Grain On The Move

Posted by on Feb 23, 2013 in k-3, Trade | 0 comments

This lesson and its partner lesson, What is in my Bread?, are informed by the big idea of Community. Students learn that grain, a basic human need, travels through the port community of Prince Rupert to communities in other parts of the world.


One 45 – 50 minute session


Students will:

  • Learn that grain arrives at the Prince Rupert port by train and leaves by ship
  • Demonstrate how grain moves through the main parts of a grain handling/marine terminal


  • Photographs of the Port of Prince Rupert grain elevators, a covered rail hopper car, a dry bulk carrier, rail yard, conveyor, marine terminal, and berth (see Resources section)
  • Video of grain being unloaded and loaded at the Port of Prince Rupert (see Resources section)
  • KWL chart
  • Whiteboard, blackboard or flip chart


A computer and projector (or Smart Board) to display the photographs


  • Set up projector or Smart Board so pictures and video can be accessed during lesson.
  • Create a KWL chart on the board or on chart paper.

CRITICAL VOCABULARY (see Glossary for definitions)

Barley, Berth, Conveyor, Covered hopper car, Dry bulk carrier, Grain, Grain elevator/vertical silo, Marine terminal, Rail yard, Wheat


  • Show the class the photographs of:

    • A covered rail hopper car
    • Rail yard
    • The grain elevator/vertical silo at the Port of Prince Rupert
    • Conveyor
    • Marine terminal
    • Berth
    • A dry bulk carrier
  • Lead a discussion with the class about the objects in the photographs. Through the discussion, and with as much teacher input as necessary, the students should learn the names of the objects and understand that they are connected with the Port of Prince Rupert. Questions could include:
    • Do you know what this is?
    • Have you seen any of these things in or around Prince Rupert?
  • Write the name of each object on the KWL chart and use the chart to record what the students already know and what they want to know about the grain elevators, the hopper car, and the dry bulk carrier.
  • KWL chart

  • Show students the video of grain being unloaded and loaded at the Port of Prince Rupert.
  • Prompt a class discussion about the video. Questions could include:
    • What was the most interesting thing that you learned from the video?
    • What was the most surprising thing that you learned?
  • Complete the learned section on the KWL chart.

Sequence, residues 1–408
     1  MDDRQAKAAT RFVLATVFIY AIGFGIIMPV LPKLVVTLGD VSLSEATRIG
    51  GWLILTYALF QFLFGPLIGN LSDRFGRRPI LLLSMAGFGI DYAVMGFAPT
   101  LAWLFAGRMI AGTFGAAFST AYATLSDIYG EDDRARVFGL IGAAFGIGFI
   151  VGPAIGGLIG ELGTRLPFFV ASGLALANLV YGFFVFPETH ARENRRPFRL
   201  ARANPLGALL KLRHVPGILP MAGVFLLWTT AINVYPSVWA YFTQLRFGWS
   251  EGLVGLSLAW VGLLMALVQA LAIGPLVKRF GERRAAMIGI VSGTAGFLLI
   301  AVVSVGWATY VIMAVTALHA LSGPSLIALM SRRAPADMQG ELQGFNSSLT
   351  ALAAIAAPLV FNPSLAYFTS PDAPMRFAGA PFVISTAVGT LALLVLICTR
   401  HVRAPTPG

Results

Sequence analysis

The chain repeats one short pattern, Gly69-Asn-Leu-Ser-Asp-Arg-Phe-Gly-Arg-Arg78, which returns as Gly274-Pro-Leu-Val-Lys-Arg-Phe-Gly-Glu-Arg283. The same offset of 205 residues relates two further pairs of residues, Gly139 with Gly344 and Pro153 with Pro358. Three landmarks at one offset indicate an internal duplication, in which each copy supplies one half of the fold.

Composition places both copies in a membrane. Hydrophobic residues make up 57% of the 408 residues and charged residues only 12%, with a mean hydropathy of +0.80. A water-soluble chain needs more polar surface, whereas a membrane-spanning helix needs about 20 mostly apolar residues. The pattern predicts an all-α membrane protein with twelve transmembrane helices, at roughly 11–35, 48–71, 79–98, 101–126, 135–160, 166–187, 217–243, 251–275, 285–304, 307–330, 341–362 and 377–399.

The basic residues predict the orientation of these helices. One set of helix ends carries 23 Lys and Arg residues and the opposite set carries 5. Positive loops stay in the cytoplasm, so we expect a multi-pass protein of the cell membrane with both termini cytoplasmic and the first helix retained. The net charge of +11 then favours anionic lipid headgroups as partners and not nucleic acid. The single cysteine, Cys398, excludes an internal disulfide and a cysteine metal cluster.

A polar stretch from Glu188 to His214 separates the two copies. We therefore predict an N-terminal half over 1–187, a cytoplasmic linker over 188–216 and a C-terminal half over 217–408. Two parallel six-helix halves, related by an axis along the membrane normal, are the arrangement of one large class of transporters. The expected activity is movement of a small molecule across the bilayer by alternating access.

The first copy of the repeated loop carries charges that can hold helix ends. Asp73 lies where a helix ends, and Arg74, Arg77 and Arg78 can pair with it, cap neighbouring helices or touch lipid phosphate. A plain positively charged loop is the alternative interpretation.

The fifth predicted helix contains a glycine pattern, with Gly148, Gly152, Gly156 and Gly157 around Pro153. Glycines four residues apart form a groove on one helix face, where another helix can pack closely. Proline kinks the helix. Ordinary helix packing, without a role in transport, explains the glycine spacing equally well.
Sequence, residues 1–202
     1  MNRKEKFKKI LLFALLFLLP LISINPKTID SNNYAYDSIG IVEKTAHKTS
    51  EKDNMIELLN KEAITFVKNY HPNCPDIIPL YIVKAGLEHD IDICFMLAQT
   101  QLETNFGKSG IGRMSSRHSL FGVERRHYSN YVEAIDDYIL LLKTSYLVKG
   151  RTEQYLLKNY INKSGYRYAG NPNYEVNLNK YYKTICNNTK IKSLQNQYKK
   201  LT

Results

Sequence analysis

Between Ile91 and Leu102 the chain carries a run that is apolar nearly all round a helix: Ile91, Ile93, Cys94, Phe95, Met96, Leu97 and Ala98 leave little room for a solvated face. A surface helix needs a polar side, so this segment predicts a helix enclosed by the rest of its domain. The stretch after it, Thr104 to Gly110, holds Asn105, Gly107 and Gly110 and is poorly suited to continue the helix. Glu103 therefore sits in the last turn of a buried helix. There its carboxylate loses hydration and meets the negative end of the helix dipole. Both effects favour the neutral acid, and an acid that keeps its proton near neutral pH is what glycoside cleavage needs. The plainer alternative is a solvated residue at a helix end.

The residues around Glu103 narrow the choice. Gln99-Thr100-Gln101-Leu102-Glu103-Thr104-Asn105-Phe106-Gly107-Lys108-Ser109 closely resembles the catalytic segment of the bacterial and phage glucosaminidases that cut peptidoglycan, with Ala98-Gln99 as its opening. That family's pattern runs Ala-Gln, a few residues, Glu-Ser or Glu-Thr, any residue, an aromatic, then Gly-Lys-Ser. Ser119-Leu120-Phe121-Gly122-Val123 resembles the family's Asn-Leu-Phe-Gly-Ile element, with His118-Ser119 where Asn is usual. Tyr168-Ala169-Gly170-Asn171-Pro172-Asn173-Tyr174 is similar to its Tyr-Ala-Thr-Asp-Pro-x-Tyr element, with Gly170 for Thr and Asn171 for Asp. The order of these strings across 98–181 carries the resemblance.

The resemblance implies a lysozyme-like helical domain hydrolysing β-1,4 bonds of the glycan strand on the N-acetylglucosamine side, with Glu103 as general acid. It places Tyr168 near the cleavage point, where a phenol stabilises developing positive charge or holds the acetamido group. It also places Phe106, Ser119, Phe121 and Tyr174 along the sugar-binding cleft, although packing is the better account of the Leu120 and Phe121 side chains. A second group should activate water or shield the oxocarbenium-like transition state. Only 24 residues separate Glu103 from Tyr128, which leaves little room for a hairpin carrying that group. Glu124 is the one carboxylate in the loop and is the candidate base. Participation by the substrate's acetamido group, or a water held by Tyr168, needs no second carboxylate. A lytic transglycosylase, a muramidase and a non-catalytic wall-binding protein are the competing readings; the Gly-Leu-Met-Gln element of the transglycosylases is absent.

• Referring to the video and to the pictures of the hopper car, the grain elevators, and the dry bulk carrier, lead the identification of the key stages in the journey of the grain through the port.
  • Demonstrate the sequence of the stages.
  • Have the students work in small groups to sequence and to represent the journey of the grain through the port. The journey may be represented (according to teacher or student choice) using one of the following methods:
    • Drawing
    • Acting it out through a short skit or play
    • Creating a puppet show (with images stuck to popsicle sticks)
    • Making a comic strip


Vary the number of stages in the sequence according to students’ age/ability (from a minimum of 3 to 5 – 7).


  • Assess students’ ability to demonstrate the correct sequence of the stages in the journey of the grain through the port in the small group activity.
  • Use the KWL chart to map and record students’ learning about the main parts of a grain handling/marine terminal.
  • Evaluate students’ work by pre-determining the following evaluation criteria with students:
    • Includes 3 – 7 stages in the journey of the grain through the port
    • Stages are in the correct sequence
    • Demonstrates an understanding of how grain moves through the port of Prince Rupert

TERMINAL VIDEO Watch it directly on YouTube

Every effort has been made to ensure the compatibility of the video and graphic resources on this site across all electronic devices and platforms. However, from time to time users may experience compatibility issues due to factors such as the proprietary nature of some products, electronic file formats and software upgrades etc. We recommend testing your system before using it in a teaching situation.

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